Now we have our material ready to become an article of clothing.  Who is making and sewing your clothing?  The answer is usually the Chinese.  Whether or not this is really problem is up for debate.  A worker at the Chinese sock factory makes just $14 a day, or $270 in month. In America, a clothing worker makes $88 a day, or $1,760 a month. SHOULD the US even try to be involved in clothing manufacturing?  You can see why US made clothing costs more just by looking at the figures above.  US manufacturing companies WANT to pay their employees a living wage. And I know I personally want to support that.  While US made does not absolutely guarantee fair and safe working conditions, you are more likely to see that than in far away countries.  Out of sight, out of mind.    BUT, many companies do work with cooperatives in other countries and oversee excellent working conditions at lower prices, bringing an economic boost to a very poor area while allowing US consumers to purchase fairly made goods at a lower price.  Many people feel US ingenuity and drive should be invested in design and technology, allowing everyone to benefit from cheaper production elsewhere.  This is a call you get to make as a consumer.  In general (and this is certainly not absolute), the less you pay for an item new, the more corners are cut in labor and production.


Finally, how far did the clothing take to get to you?  I did find Kiwi Industries right in Albuquerque. They make quality children’s clothing.  But it will be very difficult to buy everything you need locally.  So if you start with USA made, you most likely cover yourself on labor and production standards.  Then, look for North American made, for both decreasing miles to the consumer, as well as for some environmental and ethical oversight that NAFTA provides.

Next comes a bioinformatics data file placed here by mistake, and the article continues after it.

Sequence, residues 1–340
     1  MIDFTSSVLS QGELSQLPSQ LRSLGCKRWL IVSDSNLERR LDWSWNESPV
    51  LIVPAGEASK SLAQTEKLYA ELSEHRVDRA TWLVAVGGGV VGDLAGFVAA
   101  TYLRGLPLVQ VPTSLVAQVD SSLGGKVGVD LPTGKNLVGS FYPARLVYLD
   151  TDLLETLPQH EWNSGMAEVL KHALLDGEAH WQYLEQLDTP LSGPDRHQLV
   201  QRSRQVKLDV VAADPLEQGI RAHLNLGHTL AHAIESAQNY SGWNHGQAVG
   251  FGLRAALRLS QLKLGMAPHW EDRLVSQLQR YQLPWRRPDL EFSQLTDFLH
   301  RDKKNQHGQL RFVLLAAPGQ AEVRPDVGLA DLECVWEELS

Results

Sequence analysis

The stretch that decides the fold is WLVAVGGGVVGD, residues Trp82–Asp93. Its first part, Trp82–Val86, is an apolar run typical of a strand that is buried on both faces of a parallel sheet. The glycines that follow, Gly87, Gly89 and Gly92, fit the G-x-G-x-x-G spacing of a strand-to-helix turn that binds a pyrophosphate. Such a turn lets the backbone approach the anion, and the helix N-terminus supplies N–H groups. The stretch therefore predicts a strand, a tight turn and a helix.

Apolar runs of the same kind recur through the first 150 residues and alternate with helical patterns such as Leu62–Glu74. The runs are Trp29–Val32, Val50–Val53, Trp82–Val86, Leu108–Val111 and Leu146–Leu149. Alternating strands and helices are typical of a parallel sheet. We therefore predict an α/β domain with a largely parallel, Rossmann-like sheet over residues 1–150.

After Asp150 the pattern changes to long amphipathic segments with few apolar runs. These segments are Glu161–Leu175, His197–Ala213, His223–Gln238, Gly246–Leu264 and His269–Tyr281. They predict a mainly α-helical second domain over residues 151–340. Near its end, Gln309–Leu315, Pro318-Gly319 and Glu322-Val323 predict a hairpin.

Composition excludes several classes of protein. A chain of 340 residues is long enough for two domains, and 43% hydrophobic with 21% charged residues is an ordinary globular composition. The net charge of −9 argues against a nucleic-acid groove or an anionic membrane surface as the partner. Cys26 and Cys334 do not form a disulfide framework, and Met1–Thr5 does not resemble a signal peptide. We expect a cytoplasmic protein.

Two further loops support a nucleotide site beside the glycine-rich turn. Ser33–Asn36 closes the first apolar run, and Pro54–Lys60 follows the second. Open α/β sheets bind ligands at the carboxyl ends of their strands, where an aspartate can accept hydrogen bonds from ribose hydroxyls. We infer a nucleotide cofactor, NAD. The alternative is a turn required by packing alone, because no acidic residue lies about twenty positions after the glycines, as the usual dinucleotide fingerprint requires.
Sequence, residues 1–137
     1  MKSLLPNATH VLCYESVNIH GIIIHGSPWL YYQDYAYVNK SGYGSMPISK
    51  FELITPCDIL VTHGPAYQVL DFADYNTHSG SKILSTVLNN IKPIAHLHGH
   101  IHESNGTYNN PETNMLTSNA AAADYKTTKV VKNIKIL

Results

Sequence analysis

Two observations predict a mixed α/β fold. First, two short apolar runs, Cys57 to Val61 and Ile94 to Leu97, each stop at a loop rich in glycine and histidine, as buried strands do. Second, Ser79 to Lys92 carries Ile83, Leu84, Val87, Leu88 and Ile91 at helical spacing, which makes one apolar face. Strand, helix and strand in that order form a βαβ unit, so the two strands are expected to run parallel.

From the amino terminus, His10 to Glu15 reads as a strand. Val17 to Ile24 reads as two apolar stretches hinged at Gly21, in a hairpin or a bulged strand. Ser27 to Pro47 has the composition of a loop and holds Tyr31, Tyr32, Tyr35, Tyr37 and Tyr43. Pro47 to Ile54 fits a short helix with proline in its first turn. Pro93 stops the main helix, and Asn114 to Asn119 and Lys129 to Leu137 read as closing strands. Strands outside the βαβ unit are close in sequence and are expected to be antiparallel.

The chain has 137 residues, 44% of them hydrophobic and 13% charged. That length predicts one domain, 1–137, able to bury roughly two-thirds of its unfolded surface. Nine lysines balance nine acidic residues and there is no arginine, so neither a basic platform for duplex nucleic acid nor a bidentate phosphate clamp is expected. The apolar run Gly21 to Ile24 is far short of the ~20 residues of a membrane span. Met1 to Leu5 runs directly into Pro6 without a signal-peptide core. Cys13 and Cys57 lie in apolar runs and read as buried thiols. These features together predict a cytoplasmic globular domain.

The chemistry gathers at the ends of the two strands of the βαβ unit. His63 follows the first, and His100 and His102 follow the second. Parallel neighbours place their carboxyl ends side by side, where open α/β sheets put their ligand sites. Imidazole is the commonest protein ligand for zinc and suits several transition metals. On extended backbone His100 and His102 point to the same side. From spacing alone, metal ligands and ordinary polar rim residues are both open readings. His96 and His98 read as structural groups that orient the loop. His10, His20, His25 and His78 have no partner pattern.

So, what are the basics?
1.  Reduce, reuse, recycle.  Check out your favorite thrift store and consider higher end thrift stores for quality that will last.  This will cover you on the Reduce end, as well.  You can also find clothing made from recycled plastics.
2.  Buy organic clothing to reduce the vast pollution from growing conventional cotton and textile production.  Consider other materials that are renewable and sustainably made.  Wool, hemp and possibly bamboo, though the chemical processing of bamboo may outweigh how easy it is to grow.
3.  To increase your chances of safer dyes and production, as well as decrease the miles from producer to consumer, buy North American made or fair trade clothing. As with your food and body products, look for transparency from the company.  And read labels!  You might see some companies’ products are “cut and sewn in the USA” so you’ll need to ask where the material comes from. Others might send materials from the USA to other places to finish production.
I know it’s not realistic for every family to consider spending $25 on a pair of tights or $100 on a dress.  But if those items will last you a decade, your cost per wear is low compared to a cheaper item from which you can only get one year of wear.  But many of these companies do have sales, so watch for those. And consider all of the above points in your decisions when you do find yourself able to shop your values.


Fair Trade:
Revive Fair Trade
Maggie’s Organics – does the co-op carry this line?


abby+anna’s boutique (esp. the girls’ tops) – very affordable
Kiwi Industries (NM)
Tuff Kookooshka


Soft Star Shoes (OR)
LL Bean
Darn Tough – they really are!


NYDJ (Cords and other items might not be USA made)
True Religion
Longhorn Jean co (AZ)


Bill’s Khakis
Todd Shelton
BGreen Apparel


abby+anna’s boutique (esp. the dresses) – very affordable, but do read for USA-made status
Body Bark (CO)
BGreen Apparel
Ice Breaker (New Zealand wool, made in China)


I like Sierra Trading Post catalog, as they list country of origin for every product and they carry many popular brands.


This post may contains affiliate links, which means that if you click on one of the product links, I might benefit in some way.  Please feel free to check out the full affiliate statement and disclosure here.


Leave a Reply

Your email address will not be published.

This site uses Akismet to reduce spam. Learn how your comment data is processed.